The Pan-American Congress of Transportation and Logistics (PANAM) focuses on current topics of interest to transportation professionals, enabling transportation stakeholders to identify the issues that affect them and potential solutions, to design effective courses of action in a cooperative environment. The first PANAM took place in 1980, organized by the Mexican Association of Transportation Engineering. Since then, PANAM has been successfully organized every two years except PANAM XXI Lima, which was postponed due to the effects of the COVID-19 pandemic. Most of the PANAMs have taken place in Latin America (Mexico, Colombia, Brazil, Chile, Puerto Rico, Venezuela, Cuba, Ecuador, Peru). They have also been organized three times in Europe (in Spain and Portugal) and once in the United States. The next congresses will be held in Guayaquil (Ecuador) in 2023 and San Diego (United States) in 2025.
PANAMSTR has formal cooperation agreements with six leading research organization societies: Transportation Research Board (TRB, United States), Red Académica de Movilidad (RAM, Colombia), Sociedad Chilena de Ingeniería de Transporte (SOCHITRAN, Chile), Associação Nacional de Pesquisa e Ensino em Transportes (ANPET, Brazil); Foro de Investigadores de Transporte (FIT, Spain) and Chinese Overseas Transportation Association (COTA, US/China). Additional cooperation agreements are being pursued with other organizations. These agreements enable PANAMSTR to reach out to transportation practitioners, researchers, and policy makers to work together to advance transportation research and practice in Latin America and other countries. The PANAMSTR, as a member of the CAR Council, contributes to the dissemination of WCTR news and activities.
Prof. Jose Holguin-Veras, Rensselaer Polytechnic Institute, United States
International Road Federation together with the International Road Federation and in collaboration with the World Conference on Transport Research Society (WCTRS) organize a three-day online training course that will look at Road Safety Audits and inspections comprehensively as an introduction to these tools.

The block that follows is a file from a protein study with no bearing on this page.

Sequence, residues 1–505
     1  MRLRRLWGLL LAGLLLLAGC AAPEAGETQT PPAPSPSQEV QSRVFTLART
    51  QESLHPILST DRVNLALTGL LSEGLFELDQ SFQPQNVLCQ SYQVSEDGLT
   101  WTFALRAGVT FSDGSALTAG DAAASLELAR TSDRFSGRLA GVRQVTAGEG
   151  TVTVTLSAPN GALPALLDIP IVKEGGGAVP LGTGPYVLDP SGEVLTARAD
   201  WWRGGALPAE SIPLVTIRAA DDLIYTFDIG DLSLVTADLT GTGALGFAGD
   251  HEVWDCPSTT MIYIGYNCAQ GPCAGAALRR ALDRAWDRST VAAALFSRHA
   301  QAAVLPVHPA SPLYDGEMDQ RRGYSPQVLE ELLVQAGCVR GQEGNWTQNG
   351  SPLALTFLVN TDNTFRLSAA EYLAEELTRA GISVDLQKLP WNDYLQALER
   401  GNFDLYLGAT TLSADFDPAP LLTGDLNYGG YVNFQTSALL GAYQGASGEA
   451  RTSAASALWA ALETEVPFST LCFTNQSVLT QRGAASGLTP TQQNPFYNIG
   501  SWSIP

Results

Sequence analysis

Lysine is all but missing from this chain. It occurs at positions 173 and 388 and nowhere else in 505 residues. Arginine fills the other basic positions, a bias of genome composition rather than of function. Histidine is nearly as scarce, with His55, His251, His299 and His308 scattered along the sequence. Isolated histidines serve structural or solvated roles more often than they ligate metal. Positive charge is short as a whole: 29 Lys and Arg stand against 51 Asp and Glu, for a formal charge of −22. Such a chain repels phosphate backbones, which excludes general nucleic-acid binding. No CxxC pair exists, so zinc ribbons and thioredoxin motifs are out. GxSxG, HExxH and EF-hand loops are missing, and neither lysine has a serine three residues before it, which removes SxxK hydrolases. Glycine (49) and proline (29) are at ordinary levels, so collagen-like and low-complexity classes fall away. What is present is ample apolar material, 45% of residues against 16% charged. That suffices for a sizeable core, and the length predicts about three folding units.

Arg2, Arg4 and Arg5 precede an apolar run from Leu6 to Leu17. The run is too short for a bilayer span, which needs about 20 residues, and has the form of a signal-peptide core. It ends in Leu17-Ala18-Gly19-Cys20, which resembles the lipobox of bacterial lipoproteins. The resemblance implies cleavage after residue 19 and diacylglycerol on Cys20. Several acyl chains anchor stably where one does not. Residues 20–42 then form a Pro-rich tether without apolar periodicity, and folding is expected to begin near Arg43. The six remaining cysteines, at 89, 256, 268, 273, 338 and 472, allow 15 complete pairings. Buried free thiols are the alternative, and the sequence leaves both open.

Preventive risk assessment tools, such as road safety audits and inspections, are an effective and essential instrument to help road authorities reduce the number of crashes and casualties because design standards alone cannot guarantee road safety in all conditions. This course is free and open to everyone willing to deepen his or her knowledge and skills to enhance their technical and professional competence on Road Safety Audits.
For Registration or Further Information, click HERE.
Dr. Wael Alhajyaseen, Qatar University
Extensive dependence on motorized vehicles resulted in externalities including traffic congestion, road accidents, difficulties for active transport (walking and bicycling), air pollution, and noise pollution; thus, deteriorating one’s Quality of Life (QoL) and liveability of the city. Furthermore, the transport sector is identified as one of the major sources of air pollution that adversely impacts citizens’ health.
Therefore, the stakeholders and planners should focus on sustainable transport policy interventions considering a people-centric approach. Once such policy extensively considered in developed economies and now being explored for developing economies is ‘‘PEDESTRINIZING URBAN STREETS’’. Pedestrianization is essentially closing the road for traffic.
The Innovating for Clean Air (IfCA) programme is a joint initiative between India and UK to pilot air quality improvement initiatives in Bengaluru. Under the Clean Air Street initiative, Church Street in Bengaluru was closed for vehicular traffic every Saturday and Sunday from 10:00 AM to midnight for four months from 7th November 2020 till 28th February 2021. The Directorate of Urban Land Transport (DULT) was a primary partner along with IST Lab., IISc, Bangalore, and Catapult UK in implementing the Clean Air Street initiative. The focus of this study is to analyse the air quality and public opinion towards pedestrianizing an urban street. Both quantitative and qualitative studies are carried out to understand the impact of the initiative in terms of Quality of Life (QoL). From the studies' results, it is inferred that people were pleased about the initiative and suggested extending the pedestrianization beyond February 2021. The increase in the pedestrian footfall during the months of project duration indicates that more people became aware of the initiative. People were also aware that closing road for traffic improves air quality. People believed that they spend more time in the street, and a pedestrian-friendly environment improves their QoL. The outcomes of these studies suggest the importance of pedestrian-only streets, which would help stakeholders in planning and executing such sustainable transport strategies. These results were presented at the international webinar organized by SIG H2 Chair of WCTRS, Prof. Ashish Verma, on October 1, 03:00 PM-06:00 PM IST (UTC+5:30).
Prof. Ashish Verma, SIG H2 - Chair, Indian Institute of Science, Bangalore, India